MySpace lost an estimated 10 million users between January and February of 2011. Additionally, unique monthly users fell from 100 million to 60 million a year. February 2011 was even more devastating than January, with users dropping to less than 38 million. Advertisers started giving the site a wide berth. No potential buyers were interested in submitting a bid.
At the last minute, Specific Media Group and Justin Timberlake (of all people) purchased the site for $35 million. It shifted focus from social networking to music promotion, effectively ending its role as a social media site.
Why MySpace Failed
There are several plausible reasons why MySpace failed. Unlike Facebook and other social media sites, MySpace attempted to target a niche audience of music and entertainment lovers. Focusing on a particular group would eventually limit users.
A lot of MySpace users who signed up initially just so happened to reach college age at the exact moment Facebook had begun to grow. Together with millions of others, these users switched from the older site to the newer site en masse. Partial blame also goes to MySpace and Google’s $900 million ad deal.
Signed in 2006, MySpace and Google agreed to a three-year, nearly billion-dollar deal that would give the search engine exclusive rights to MySpace search results and sponsored links. While this put close to a billion dollars in MySpace’s cash pool, it was eventually viewed as a mistake for the sheer number of ads on social media. MySpace was a complete toast for all these reasons and countless other micro-failures.
Why Did Facebook Succeed?
Many consider Facebook the superior version of MySpace, and for a good reason. Facebook managed to succeed in many of the areas where MySpace fell short. The company’s success can be pinned to its willingness to grow and reshape with its audience. While initially targeting only college students, Facebook was more than willing to onboard other users.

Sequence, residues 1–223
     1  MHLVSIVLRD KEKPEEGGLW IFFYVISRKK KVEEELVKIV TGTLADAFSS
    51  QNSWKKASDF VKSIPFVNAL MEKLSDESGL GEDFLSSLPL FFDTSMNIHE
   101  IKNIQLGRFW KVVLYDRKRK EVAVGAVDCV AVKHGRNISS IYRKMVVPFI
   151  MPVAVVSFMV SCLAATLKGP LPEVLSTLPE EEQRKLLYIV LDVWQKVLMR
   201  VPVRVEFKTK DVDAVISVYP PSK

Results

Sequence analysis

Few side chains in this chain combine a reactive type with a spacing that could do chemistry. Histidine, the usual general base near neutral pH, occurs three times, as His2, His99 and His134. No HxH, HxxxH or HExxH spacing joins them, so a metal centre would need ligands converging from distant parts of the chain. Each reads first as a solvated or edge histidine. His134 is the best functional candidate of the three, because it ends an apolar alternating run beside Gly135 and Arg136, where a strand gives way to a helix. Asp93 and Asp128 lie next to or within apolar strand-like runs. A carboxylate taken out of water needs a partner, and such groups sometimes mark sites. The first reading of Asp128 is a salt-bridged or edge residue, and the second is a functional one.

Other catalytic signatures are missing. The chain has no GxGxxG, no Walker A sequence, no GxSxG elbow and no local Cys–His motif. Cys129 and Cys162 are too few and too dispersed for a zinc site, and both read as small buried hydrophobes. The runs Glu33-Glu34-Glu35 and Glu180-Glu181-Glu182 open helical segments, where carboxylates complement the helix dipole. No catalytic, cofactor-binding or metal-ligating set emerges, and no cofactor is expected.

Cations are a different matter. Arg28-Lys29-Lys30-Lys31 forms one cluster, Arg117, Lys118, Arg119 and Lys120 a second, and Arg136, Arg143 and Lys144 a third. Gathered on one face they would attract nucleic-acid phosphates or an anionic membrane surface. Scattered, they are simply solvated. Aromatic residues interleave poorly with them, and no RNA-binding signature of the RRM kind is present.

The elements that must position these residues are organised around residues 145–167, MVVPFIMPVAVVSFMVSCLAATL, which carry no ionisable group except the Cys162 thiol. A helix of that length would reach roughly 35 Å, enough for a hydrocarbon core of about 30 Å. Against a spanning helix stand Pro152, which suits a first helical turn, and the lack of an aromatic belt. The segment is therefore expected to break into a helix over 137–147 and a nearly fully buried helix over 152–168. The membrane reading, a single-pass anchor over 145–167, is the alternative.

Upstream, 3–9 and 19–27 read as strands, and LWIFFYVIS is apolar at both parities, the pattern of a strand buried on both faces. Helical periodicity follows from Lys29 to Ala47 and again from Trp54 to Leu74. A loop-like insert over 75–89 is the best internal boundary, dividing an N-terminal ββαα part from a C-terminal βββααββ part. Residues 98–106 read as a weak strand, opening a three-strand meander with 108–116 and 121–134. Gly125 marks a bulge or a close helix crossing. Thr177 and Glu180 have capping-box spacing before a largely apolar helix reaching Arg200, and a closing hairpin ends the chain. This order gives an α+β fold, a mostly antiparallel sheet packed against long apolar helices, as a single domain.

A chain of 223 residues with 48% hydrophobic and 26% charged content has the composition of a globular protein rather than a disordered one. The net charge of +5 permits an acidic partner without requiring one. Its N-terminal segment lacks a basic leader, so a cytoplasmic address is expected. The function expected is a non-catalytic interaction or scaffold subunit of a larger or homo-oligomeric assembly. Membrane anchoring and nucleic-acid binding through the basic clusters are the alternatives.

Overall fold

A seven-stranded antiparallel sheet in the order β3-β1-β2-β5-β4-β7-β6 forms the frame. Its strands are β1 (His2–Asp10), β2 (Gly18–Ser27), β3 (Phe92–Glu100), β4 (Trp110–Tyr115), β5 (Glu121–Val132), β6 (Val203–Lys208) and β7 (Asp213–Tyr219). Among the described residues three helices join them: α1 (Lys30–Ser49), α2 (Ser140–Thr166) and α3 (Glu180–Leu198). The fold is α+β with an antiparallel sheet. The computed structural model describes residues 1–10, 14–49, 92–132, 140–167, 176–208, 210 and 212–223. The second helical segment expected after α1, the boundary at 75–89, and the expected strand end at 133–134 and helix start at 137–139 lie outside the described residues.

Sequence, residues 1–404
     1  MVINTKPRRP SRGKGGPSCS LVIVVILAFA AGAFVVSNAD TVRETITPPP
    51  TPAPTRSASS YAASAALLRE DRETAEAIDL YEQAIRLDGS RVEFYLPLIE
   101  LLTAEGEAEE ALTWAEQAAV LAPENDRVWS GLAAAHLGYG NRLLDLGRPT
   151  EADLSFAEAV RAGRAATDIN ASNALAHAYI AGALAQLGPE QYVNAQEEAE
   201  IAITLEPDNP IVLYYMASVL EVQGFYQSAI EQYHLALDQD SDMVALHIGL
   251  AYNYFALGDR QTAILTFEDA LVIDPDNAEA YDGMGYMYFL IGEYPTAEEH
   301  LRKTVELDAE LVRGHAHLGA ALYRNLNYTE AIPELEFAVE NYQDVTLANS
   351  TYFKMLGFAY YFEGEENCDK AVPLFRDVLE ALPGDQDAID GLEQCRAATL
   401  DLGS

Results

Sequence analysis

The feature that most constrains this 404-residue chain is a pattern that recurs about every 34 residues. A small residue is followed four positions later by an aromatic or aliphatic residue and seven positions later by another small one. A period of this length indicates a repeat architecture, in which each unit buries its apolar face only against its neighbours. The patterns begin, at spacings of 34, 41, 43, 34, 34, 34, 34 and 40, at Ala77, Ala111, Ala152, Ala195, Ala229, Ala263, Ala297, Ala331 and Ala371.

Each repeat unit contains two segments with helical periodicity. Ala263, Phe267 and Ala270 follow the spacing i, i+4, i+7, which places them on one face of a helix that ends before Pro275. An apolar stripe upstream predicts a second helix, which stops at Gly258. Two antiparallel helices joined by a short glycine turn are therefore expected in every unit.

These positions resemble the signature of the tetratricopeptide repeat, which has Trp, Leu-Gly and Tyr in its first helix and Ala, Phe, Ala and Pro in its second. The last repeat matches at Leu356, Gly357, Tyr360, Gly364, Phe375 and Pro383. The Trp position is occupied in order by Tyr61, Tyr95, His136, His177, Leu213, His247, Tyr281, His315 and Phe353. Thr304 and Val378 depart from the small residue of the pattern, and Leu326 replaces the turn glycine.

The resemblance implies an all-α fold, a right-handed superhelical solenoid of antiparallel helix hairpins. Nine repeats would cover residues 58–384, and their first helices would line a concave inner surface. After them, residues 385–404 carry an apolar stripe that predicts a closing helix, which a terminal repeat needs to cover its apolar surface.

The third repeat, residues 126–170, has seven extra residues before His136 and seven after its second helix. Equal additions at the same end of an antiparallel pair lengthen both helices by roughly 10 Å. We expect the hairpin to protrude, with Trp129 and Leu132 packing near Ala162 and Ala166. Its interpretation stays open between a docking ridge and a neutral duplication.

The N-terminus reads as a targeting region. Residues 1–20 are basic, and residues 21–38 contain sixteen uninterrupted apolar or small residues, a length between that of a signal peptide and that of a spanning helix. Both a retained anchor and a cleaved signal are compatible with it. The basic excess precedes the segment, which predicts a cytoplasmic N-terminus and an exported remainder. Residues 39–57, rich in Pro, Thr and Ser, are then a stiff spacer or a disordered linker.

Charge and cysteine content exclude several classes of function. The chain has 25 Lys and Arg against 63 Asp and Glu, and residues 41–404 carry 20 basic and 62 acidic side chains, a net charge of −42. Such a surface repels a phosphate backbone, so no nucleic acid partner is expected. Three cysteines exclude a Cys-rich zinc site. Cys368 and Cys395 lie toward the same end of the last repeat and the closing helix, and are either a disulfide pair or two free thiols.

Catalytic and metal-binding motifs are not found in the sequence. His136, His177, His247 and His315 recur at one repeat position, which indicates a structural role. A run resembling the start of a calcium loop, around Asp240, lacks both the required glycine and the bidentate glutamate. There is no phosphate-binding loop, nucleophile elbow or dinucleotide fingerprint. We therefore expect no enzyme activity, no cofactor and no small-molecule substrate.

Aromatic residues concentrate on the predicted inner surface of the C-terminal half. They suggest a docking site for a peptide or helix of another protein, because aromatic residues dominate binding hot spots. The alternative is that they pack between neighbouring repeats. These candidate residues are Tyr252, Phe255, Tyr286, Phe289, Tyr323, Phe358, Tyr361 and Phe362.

Welcoming high schoolers and those working for notable tech companies, Facebook eventually opened the floodgates and allowed anyone to join. On the other hand, MySpace focused so much on music and entertainment. While the internet initially thrived on finding a niche and focusing on it, this eventually changed. Facebook knew this, while MySpace chose to ignore it. This was a major part of the former’s success story and the latter’s downfall.
There are many other minuscule reasons why Facebook succeeded, whereas MySpace failed. Facebook introduced a constant stream of new features that took the site beyond MySpace’s basic offerings. The social media site was easy to navigate and use. Not to mention, Facebook benefitted from embracing mobile far more enthusiastically than MySpace.
- The Real Reason Zune Failed Spectacularly
- The 5 Real Reasons Netscape Failed
- The 5 Real Reasons Polaroid Failed
- The Real Reason Atari Failed Spectacularly
- The Real Reason Fire Phone Failed Spectacularly